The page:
Hegel’s most infamous disciple was Karl Marx who applied this logic to politics and came up with Communism/Socialism. Charles Darwin applied this logic to biology, resulting in the theory of evolution. His most influential disciple, however, was Adalf von Harnack, who applied this logic to human history. In Harnack’s mind, human history is continually evolving and moving towards perfection: although few have heard his name, most have been taught that humanity was once a stone-age creature, then went through a long “pre-modern” phase of development, climaxing in ancient Greece. Then it evolved and formed in the Middle Ages before bursting forth in Modernity. Harnack’s model forces us to ask the question, “What is next?” Surely, the next stage of evolution must be better than what has come before!
(side-note: Harnack’s model has a lot of holes which he cannot account for. One glaring example is the pyramids and other amazing structures created by supposed “stone-age” people. Further, the disciplines of science, philosophy, law and medicine all trace their roots back to the greats of ancient Greece – a high point in human development to which the intellectual abilities of the present day – even propped up as they are in the body-cast of the internet-age – still pale in comparison. Finally, the Medieval period was certainly not an improvement over the classical age, and you could argue that in many ways we have been going downhill for the last century, not up. All of these are real solid criticisms of the Hegel/Harnack notion of “evolution.”)
At any rate, MacLaren clearly adopts the Hegel/Harnack model of evolution. That is why he spends so much time on the Coppernucian Revolution (aka the discovery that the Earth is not the center of the universe), and why he can flip back and forth between theology, science, then back to theology, and back to science. For him, they are both the same thing – expressions of the human evolutionary movement. It also explains why he is able to compare the Emergent Movement to the Reformation, even though MacLaren has nothing in common with Luther theologically. (Luther would have called MacLaren dirty names, swore at him, and maybe burned him at the stake as a heretic!) MacLaren feels that he is in the same category as Luther, because he sees himself at another major turning-point in history. That is, he sees himself standing on the very leading edge of transition between Modernity and Post-Modernity.
2) Where does that leave God?
Hegel’s system was invented to remove the need for the Christian God. For Hegel, God was not the source of absolute truth, who had revealed definite moral and theological absolutes in the Bible. Rather, Hegel was a pantheist who saw God as the sum-total of the highest ideals of humanity. Picture all of humanity as a large number of stick-men. Now think of a thought-cloud above them as representing their religious strivings, or thoughts about God. As society progresses, so do their thoughts about God. But we could also say that humanity is led onwards by “god,” (that is, by their highest thoughts and ideals), couldn’t we? In this way, humanity is both led by god, and also is god, and creates god.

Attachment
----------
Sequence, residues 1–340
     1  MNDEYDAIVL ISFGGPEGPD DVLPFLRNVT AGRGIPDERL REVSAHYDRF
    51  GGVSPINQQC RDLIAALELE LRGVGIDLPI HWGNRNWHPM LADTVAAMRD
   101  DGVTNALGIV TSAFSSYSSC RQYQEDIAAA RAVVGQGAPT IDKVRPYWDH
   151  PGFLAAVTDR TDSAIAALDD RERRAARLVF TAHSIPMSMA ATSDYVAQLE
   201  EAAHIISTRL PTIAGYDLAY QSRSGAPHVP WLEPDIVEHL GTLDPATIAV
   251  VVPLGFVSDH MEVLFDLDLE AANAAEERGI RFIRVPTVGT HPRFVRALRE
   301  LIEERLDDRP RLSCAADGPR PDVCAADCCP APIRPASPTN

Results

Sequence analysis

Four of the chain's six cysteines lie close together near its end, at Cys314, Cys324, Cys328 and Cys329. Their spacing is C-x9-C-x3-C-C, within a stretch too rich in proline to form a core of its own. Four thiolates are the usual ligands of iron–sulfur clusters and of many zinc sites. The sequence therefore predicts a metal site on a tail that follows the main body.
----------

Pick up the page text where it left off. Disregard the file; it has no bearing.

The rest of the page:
This is process theology: the belief that God is finding Himself, discovering, growing, moving, in all the actions and discoveries of the human race.
Now, listen to MacLaren for a moment:
Change is inevitable, and change is good, in fact…“I believe that God is the wind in our sails, leading us into change, because that’s the way He always moves ahead. He’s not about taking us back to the past – some beautiful illusion of the good old days – He has a purpose He is working towards, and I want to keep up with Him. I suppose that is my greatest fear – not that I will go too fast or too far, but that I will lag behind.”
In contrast to the historic-Christian view that God is the source of truth, that all truth was revealed once-for-all in Jesus and recorded in Scriptures, MacLaren adopts Hegel’s evolutionary view which 1) assumes that newer is better, and 2) puts humanity – especially the younger generation – in the driver’s seat, ultimately deciding the fate of the planet and even (if taken to its logical conclusion) the fate of God. Some interesting scriptures to look at would be: 1 Cor. 4:6, which speaks of “not becoming arrogant, so as to exceed what is written.” Much of what I wrote in my paper “Do we Need More than ‘Scripture Alone‘” would be helpful for explaining the fact-based foundation of Christianity, and the importance placed on right doctrine and teaching. Especially on the basics of the Gospel, the New Testament seems to offer not the slightest expectation or room for “evolution.”
3) What kind of a human am I?
The implication of MacLaren’s thought is that humanity is part of God – that is, humanity is a part of the process which creates God, or maybe the agents through which God self-actualizes Himself. At any rate, the line differentiating God and man is exceedingly faint and blurry. In order for MacLaren’s system to work, a different view of humanity must be presented. God simply cannot be so closely implicated with humanity if they are really as sinful and as far cut off from Him as historic-Christianity declares them to be.
MacLaren repeatedly states that he does not like thinking of “in-groups” and “out-groups.” Specifically, he doesn’t think there is any real difference between non-Christians and Christians. Christians don’t “own” the gospel, and Christ is not preventing people from getting to heaven. Rather, Christ seems to be at work in all people, bringing them to Himself. The very real implication of MacLaren’s thought is that the death of Jesus Christ for the sins of the world are not really necessary to make an atonement for sins. Apparently, we are not as bad of sinners as we thought we were.